Indeed, we may admire his patience toward us. If we were blind, and reduced to desire a person to lead us, and should at every step pretend to dispute with him and direct him at every step, we should soon weary him, and provoke him to leave us to find the way by ourselves if we could. But our gracious Lord is longsuffering and full of compassion...he will take methods to humble us, and to bring us to a confession that he is wiser than we. The great and unexpected benefit he intends to tread down our wills and bring them in subjection to his. So far as we attain to this, we are out of the reach of disappointment; for when the will of God can please us, we shall be pleased every day...

O, the happiness of such a life! I have an idea of it; I hope I am aiming at it, but surely I have not attained it. Self is active in my heart, if it does not absolutely reign there. I profess to believe that one thing is needful and sufficient, and yet my thoughts are prone to wander after a hundred more. If it be true that the light of his countenance is better than life, why am I solicitous about anything else? If the smallest, as well as the greatest events in which I am concerned are under his immediate direction; if the very hairs of my head are numbered; then my care (any farther than a care to walk in the paths of his precepts and to follow the opening of his providence), must be useless and needless, yea indeed sinful and heathenish, burdensome to myself, and dishonourable to my profession.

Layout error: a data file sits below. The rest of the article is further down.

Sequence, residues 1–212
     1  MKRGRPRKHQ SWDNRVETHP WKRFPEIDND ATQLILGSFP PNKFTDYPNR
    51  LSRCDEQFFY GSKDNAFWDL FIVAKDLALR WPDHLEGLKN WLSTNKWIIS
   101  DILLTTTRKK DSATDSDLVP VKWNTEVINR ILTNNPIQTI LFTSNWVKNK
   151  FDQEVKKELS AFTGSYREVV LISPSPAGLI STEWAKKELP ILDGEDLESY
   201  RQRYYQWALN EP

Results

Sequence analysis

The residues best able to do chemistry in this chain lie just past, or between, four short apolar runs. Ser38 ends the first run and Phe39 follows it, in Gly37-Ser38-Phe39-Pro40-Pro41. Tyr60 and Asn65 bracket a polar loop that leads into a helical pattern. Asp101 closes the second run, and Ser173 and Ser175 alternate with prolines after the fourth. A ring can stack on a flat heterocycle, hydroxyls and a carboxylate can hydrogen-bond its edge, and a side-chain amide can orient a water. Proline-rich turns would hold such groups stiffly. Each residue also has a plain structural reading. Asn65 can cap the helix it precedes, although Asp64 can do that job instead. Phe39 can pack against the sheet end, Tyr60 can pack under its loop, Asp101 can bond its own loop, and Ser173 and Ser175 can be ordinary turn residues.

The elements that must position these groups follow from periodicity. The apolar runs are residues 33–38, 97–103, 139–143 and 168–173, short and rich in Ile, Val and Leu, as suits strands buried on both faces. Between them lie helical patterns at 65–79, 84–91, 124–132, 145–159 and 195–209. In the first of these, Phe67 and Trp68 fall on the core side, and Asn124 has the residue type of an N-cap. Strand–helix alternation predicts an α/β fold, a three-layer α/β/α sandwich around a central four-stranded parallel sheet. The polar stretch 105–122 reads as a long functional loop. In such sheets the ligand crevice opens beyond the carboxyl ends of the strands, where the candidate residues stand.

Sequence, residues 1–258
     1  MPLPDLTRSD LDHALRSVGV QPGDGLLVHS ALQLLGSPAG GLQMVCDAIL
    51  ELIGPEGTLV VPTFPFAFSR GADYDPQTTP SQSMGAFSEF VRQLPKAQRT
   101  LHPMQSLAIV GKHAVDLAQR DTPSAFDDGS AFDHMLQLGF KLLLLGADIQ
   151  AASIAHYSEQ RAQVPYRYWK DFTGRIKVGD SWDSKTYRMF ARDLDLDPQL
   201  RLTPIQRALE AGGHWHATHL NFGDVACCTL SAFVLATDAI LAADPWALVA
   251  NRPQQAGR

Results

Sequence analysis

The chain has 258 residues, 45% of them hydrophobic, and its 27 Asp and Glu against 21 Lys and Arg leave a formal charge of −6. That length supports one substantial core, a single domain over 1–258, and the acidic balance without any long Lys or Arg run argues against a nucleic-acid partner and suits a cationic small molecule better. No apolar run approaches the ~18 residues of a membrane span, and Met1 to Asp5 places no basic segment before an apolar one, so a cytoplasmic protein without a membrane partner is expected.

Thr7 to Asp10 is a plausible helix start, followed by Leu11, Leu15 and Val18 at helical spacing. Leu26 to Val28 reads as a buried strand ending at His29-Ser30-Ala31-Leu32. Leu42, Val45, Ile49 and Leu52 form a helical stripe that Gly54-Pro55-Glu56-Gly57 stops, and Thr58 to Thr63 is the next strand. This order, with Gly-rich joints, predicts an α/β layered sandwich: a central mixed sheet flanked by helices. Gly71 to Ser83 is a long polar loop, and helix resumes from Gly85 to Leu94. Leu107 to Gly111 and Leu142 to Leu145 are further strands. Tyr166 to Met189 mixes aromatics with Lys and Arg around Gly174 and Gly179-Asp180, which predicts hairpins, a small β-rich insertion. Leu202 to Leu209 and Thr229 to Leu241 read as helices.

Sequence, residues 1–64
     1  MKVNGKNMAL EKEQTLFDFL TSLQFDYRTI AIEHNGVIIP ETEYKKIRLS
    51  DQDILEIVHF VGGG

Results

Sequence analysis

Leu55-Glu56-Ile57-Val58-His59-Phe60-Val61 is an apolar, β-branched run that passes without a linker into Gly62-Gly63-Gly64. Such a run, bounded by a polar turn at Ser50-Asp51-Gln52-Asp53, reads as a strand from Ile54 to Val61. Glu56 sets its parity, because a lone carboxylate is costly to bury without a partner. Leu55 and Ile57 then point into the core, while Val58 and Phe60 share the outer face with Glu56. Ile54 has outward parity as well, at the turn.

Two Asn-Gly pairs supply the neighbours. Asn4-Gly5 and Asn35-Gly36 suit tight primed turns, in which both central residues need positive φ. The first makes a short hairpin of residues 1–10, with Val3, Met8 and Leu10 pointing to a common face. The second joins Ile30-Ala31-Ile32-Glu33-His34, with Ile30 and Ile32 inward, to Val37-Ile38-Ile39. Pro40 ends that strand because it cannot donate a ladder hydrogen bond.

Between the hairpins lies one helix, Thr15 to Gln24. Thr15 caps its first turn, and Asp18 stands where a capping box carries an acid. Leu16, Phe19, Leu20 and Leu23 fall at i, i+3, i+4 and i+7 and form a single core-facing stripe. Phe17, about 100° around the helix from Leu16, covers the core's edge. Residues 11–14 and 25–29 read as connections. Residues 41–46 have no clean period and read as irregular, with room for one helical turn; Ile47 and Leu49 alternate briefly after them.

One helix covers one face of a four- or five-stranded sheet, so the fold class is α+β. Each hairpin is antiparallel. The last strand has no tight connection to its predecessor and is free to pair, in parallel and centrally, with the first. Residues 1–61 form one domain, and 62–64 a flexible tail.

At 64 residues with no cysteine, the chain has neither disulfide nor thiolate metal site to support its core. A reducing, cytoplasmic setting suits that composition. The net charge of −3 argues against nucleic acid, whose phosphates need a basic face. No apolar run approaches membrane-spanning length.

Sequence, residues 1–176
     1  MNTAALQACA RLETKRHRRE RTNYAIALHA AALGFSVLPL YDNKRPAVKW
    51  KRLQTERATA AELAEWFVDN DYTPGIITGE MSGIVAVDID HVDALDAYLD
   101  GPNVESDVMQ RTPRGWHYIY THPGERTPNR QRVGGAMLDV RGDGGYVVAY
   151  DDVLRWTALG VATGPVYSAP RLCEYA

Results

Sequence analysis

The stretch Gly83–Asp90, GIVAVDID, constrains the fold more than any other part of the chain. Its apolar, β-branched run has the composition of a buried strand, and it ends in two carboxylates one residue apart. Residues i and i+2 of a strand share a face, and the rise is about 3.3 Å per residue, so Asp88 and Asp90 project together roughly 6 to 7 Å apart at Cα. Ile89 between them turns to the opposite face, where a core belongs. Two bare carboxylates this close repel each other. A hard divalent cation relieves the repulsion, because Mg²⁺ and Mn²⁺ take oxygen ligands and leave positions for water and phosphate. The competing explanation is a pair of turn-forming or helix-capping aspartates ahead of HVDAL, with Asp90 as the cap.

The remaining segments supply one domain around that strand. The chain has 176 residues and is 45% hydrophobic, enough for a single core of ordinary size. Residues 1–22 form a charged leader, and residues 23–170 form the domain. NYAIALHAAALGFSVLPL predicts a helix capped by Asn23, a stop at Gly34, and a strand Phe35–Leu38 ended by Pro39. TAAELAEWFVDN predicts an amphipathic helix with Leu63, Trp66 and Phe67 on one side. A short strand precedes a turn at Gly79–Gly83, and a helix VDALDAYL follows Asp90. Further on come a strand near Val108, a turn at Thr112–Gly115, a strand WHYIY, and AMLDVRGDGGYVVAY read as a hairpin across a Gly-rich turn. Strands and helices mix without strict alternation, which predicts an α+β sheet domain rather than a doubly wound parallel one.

Let us cast down the load we are unable to carry, and if the Lord be our shepherd, refer all and trust all to him. Let us endeavor to live to him and for him today, and be glad that tomorrow, with all that is behind it, is in his hands." 

From: Letters of John Newton

Thursday, November 1, 2007

Old Girlfriends